Second chances are the rule of the West. Wide open country makes reinvention easy, no matter if you’re a cowboy, a bandit or the town drunk, at least in the movies. But in the 1939 Western, Destry Rides Again, the chance to start over happened both on and off screen.
The 1939 version marked the second time Destry had hit theaters: There was also a 1932 release that hewed closer to the plot of the novel that both movies (and a subsequent remake and Broadway show) were based on. But it was take two that packed the greater star power: Jimmy Stewart as lawman Thomas Jefferson Destry, Jr. and the legendary Marlene Dietrich as Frenchie, the dance hall queen. But at the time, Dietrich’s career was in much need of a lift.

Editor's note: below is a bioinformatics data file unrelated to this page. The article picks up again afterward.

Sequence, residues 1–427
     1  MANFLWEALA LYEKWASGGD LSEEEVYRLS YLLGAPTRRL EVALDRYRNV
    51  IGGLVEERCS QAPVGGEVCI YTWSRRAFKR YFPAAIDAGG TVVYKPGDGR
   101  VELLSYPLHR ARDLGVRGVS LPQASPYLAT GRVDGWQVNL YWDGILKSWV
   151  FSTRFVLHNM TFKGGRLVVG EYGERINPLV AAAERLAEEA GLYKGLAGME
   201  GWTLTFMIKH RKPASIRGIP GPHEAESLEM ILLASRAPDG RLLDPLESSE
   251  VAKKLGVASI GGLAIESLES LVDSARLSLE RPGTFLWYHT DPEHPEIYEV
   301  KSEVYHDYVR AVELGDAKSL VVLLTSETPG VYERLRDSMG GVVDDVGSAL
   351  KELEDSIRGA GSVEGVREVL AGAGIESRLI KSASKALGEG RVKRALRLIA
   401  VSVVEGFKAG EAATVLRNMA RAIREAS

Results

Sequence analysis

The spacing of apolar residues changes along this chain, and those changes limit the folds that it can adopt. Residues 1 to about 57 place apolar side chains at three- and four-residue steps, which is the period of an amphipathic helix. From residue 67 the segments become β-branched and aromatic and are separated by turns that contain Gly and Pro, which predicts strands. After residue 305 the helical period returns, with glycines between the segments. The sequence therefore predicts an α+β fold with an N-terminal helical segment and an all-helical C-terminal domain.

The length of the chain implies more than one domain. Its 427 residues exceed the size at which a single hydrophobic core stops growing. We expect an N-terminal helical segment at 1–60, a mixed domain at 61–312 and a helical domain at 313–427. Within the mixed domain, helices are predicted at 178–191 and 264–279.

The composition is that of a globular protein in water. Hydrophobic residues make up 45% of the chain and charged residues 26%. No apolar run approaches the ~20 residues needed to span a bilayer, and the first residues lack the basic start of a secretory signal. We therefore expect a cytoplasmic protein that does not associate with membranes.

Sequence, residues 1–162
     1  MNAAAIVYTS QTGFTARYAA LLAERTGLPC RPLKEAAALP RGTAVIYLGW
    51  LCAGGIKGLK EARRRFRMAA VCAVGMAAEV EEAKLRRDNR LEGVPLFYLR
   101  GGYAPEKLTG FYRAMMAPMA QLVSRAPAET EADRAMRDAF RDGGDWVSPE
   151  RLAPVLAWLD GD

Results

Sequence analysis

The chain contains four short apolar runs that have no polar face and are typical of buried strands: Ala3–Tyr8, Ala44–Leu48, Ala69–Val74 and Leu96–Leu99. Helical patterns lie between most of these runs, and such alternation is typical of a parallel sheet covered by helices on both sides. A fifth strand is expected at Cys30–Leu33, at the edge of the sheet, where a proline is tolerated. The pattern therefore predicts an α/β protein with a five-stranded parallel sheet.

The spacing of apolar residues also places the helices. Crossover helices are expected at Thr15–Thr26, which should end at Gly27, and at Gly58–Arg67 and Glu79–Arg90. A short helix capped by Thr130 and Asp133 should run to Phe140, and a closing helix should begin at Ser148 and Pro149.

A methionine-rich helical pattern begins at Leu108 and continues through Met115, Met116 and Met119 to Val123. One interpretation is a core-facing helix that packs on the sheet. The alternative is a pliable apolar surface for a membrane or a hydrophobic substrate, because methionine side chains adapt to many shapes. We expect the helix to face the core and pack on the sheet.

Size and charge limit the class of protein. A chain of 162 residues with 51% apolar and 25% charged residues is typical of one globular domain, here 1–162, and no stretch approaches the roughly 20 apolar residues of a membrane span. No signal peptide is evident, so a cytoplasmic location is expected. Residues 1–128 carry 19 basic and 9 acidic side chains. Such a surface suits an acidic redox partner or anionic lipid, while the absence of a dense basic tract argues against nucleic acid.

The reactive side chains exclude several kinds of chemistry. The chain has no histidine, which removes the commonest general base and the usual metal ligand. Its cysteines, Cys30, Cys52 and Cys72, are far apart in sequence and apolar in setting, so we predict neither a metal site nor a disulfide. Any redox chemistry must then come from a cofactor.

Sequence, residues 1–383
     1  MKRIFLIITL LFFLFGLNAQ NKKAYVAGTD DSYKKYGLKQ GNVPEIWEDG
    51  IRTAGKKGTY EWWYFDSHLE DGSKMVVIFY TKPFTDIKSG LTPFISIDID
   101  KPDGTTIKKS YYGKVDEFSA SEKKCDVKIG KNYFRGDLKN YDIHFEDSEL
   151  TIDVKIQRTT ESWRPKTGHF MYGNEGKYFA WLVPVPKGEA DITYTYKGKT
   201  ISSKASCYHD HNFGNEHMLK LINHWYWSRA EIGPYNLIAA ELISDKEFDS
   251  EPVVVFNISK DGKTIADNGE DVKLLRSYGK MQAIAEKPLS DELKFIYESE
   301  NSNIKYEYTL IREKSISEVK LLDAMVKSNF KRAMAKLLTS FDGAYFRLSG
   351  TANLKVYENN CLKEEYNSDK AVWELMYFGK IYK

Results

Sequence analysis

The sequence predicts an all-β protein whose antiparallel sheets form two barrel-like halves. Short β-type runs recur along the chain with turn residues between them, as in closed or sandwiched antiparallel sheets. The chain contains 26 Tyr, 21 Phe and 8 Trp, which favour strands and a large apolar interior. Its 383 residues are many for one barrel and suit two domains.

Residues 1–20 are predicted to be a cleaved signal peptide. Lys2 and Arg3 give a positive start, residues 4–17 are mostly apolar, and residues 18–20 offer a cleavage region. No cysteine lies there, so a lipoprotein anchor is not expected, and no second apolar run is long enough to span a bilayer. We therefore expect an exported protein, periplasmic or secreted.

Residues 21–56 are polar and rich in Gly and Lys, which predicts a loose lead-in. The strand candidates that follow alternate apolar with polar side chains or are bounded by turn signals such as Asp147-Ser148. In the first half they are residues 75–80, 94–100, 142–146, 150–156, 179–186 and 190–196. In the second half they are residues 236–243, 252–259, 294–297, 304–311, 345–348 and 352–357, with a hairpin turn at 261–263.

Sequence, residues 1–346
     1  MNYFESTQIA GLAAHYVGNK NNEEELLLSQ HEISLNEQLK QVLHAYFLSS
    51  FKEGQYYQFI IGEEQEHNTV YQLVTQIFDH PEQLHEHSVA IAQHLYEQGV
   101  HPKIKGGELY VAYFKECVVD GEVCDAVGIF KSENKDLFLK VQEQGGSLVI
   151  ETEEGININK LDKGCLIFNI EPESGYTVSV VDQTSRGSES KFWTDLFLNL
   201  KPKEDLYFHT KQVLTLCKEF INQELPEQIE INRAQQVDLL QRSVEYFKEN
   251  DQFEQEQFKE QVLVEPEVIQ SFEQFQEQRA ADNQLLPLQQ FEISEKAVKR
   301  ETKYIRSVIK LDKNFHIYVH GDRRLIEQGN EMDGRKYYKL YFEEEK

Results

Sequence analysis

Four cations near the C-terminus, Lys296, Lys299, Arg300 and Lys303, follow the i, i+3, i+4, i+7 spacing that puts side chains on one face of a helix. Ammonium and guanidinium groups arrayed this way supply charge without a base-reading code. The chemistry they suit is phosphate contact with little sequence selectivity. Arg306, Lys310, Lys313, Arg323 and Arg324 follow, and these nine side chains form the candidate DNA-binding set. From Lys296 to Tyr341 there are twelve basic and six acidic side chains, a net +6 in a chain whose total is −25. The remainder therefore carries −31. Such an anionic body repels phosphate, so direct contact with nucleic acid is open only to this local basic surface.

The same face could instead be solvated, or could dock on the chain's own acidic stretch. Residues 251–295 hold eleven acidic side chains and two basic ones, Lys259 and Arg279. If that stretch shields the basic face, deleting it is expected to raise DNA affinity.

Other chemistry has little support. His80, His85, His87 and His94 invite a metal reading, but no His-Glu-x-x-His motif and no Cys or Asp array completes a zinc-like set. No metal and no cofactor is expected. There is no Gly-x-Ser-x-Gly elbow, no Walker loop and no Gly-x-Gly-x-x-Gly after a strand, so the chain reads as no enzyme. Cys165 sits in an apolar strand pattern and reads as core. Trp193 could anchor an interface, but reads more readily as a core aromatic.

Working with director Josef von Sternberg under the studio system at
Paramount, Dietrich created a niche for herself paying femme fatale
characters, but when von Sternberg was fired, their partnership ended,
leaving her to meander through a series of flops. Enter the tall, dark,
handsome sheriff. Stewart’s character, the son of a lawman famous for
clearing out unsavory types, is called into the town of Bottleneck when
local thugs, including Frenchie’s beau and co-conspirator, takes over. Destry Rides Again was a huge hit and revitalized Dietrich’s career. Both as Frenchie and in real life, Dietrich got a second chance.